Deb: Because I think one of our biggest problems in a culture of rape, where we don’t interrupt these behaviours is that a lot of people see, when young woman are experiencing sexual harassment or even sexual assault on the subway. For example, the TTC, a lot of us turn our eyes. “We have somewhere to go.” “It’s not for us to get involved.” “We’re not sure what’s exactly happening.” But I think it’s important for us to stand up and even if it might feel uncomfortable, that we wouldn’t want that happening to our friends, our community members, people who are close to us, and I’d hope that we also, at those moments, try to say something and do something. When we see something in public that's really clear, happening of the sexual violence nature, and it’s not okay, and to say that, you know? It’s really hard for example, when you see a young person on the subway and some guy is way too close, or groping them in rush hour, or trying to show them a body part, or something like that, and none of us do anything. Especially older people, because it happens a lot between the ages of 18 and 25. To see that, and in our more adult community, not do something to support them.
And [the victims are] super disempowered in those moments to say anything or do anything. They’re already experiencing the violence, and now they have to stand up for themselves on top of it.
I think as a culture, as a sub-society, we can come together and interrupt those moments. We can also do a lot of our own education and support each other, to learn more about how to support folks who are experiencing this. To believe people when they come to us and are courageous enough to tell us. These are some of the bystanders things that individually we can do that are actually really simple, just believe somebody when they tell you this happened to them. Don’t question what they were wearing, what they were drinking, where they went, why they did that. Believe that the violence is left with the person who did it, not the person who experienced it.
Muniyra: Can you just elaborate on some common misconceptions revolving around sexual assault?
Deb: So the last statistic I read about this, shows around 70% of people who experience sexual assault, knew the perpetrator prior to this moment. In childhood sexual violence the number one perpetrator is the father, after that is the uncle. And then sexual violence, when it comes to people that we know, it’s usually a date, a boyfriend, a partner. And then after that, it can be someone very close to you, in your inner circle, like a teacher, a coach, a co-worker, somebody who may probably have power over you in some way. Even if it’s a co-worker, that co-worker is a man and he might have power over you in a certain way if you are a woman. It makes sense that sexual violence happens in this way because these are the people who are most accessible to us, these are the people who we know, the perpetrators, and we’re close to them. There's already a flux relationship, we don't necessarily have to see it coming. But absolutely, stranger violence does happen in our community. Sexual assault is perpetrated by people we do not know prior to this, or are very [much] like acquaintances, that more often than not, as long as you know that person even to the level of being acquaintances, then it’s around 70%.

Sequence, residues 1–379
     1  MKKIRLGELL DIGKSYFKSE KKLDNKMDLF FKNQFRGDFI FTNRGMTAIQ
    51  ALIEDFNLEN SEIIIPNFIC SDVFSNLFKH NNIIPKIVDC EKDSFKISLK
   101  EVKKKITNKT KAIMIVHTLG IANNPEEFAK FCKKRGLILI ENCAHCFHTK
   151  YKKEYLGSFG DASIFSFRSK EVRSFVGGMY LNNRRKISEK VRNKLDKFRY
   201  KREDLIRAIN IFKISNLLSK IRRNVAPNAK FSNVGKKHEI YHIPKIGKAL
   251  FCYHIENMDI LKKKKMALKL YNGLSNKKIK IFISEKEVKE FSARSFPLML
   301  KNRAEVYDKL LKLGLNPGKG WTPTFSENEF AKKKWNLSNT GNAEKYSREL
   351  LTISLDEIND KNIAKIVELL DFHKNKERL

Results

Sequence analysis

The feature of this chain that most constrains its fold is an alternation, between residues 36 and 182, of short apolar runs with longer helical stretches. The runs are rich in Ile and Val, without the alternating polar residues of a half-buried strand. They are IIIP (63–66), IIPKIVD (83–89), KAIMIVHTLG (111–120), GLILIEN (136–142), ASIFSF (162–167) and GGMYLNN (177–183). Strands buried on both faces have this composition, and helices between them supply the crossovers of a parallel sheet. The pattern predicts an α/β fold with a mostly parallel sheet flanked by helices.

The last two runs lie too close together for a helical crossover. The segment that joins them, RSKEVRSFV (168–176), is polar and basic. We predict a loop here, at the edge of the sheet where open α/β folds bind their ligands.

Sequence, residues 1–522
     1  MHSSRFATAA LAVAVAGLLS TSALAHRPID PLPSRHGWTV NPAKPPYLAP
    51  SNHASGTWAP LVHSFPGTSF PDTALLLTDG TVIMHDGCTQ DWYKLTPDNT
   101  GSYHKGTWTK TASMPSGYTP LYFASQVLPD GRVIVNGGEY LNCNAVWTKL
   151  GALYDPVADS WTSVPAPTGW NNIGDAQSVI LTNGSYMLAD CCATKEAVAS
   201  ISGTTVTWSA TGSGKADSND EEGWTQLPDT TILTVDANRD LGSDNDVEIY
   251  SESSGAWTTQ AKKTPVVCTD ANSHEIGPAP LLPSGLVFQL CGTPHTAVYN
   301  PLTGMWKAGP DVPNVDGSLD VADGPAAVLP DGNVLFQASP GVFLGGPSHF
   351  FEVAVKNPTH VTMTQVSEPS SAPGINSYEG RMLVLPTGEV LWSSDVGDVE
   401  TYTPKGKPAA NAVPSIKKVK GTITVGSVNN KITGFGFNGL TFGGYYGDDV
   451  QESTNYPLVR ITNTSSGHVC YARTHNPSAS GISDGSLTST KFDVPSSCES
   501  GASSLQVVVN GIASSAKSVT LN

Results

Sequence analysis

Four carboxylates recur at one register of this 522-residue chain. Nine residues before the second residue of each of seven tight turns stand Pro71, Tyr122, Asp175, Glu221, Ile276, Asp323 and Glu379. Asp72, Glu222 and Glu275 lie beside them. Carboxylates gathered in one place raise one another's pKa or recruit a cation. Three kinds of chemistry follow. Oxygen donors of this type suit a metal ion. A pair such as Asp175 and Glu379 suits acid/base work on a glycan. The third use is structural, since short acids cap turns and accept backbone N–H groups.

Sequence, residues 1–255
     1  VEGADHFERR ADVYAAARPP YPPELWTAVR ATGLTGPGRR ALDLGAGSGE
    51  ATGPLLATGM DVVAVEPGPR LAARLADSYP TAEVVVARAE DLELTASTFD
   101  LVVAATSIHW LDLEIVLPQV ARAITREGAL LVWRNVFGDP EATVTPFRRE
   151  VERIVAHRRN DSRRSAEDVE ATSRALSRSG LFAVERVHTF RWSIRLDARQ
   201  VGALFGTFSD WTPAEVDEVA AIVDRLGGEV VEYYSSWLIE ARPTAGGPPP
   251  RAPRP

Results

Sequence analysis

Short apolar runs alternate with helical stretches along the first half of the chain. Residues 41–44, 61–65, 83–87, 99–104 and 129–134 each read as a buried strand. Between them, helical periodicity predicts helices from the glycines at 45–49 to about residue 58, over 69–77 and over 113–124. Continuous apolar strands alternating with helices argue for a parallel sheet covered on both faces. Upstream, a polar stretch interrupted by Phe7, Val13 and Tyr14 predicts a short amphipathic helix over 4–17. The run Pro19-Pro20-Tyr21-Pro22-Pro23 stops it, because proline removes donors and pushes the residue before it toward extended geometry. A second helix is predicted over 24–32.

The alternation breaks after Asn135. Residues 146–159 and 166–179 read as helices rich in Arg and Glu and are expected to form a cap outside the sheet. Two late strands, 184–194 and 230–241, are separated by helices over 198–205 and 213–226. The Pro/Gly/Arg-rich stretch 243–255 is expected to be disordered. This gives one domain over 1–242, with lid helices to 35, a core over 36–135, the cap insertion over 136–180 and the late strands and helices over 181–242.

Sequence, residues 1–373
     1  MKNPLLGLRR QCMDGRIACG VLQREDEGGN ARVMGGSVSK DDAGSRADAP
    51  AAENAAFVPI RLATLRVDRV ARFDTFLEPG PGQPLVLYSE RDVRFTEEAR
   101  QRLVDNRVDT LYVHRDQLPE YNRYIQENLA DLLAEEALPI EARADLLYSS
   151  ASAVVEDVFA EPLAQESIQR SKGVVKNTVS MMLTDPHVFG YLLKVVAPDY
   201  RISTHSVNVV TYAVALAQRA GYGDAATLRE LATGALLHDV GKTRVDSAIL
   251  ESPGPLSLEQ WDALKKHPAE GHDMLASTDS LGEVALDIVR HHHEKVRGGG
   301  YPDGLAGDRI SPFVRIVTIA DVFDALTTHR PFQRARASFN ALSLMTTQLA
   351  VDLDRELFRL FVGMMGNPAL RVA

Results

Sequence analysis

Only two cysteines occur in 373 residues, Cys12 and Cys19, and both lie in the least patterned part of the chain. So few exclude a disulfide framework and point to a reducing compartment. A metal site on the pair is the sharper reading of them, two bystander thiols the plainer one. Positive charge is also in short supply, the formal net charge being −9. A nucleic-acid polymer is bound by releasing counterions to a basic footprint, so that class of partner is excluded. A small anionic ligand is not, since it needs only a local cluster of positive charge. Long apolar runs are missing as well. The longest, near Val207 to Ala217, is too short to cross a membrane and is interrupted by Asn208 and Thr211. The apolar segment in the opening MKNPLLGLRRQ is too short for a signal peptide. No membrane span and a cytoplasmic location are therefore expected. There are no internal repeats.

Muniyra: Have you ever dealt with any cases involving males?
Deb: Yes of course. Here at the Toronto Crisis Centre - Multicultural Women Against Rape, we support all survivors, that could be cis-women, cis-men, non-binary and trans community members. Yes, of course in my decade of working here I’ve worked with survivors who identify as a man. Generally speaking the number one perpetrator of violence is a cisgender male against another cisgender male. I mean when it comes to sexual assault usually it’s another male. Of course there are women who are perpetrators of sexual violence, but again statistically it’s mostly men raping or sexually assaulting other men. So when it comes to the gender piece of the sexism piece, survivors kind of have a similar feelings or similar thoughts. What might be different is sort of the impact, so how sexual violence and talking about a man’s experience of sexual violence, it will be different because of how we see gender. Often survivors who identify as a man, don’t get relieved, but that’s still similar to woman, it’s just for different reasons. “Oh a man can’t get raped!” “He always wants to have sex!” “He can’t possibly ever say no!” And that is again not true, and based in a false notion around gender. But often times all the survivors aren't believed anyway. So women aren't believed because: “Who cares? “You’re just a woman, that’s expected.” “Oh, you were wearing a short skirt, of course he wanted it”. And men are not believed because of: “How could you not want it?” “You’re a man, you should always want sex.” “You could never say no to sex possibly!” So these narratives are really just putting us in boxes, that don’t allow people to talk about their own experiences of what really happened to them.
And I think it’s up to us as individuals, to break down those ideas and [that] all survivors kind of experience some of the same feelings, some of the same thoughts, and some of the same impacts even though we have many differences among us. And some of those differences make it so we have different impacts when we experience sexual violence. So Survivors often share some commonalities, absolutely.
You can contact the 24-hour line 416-597-8808, or visit the website.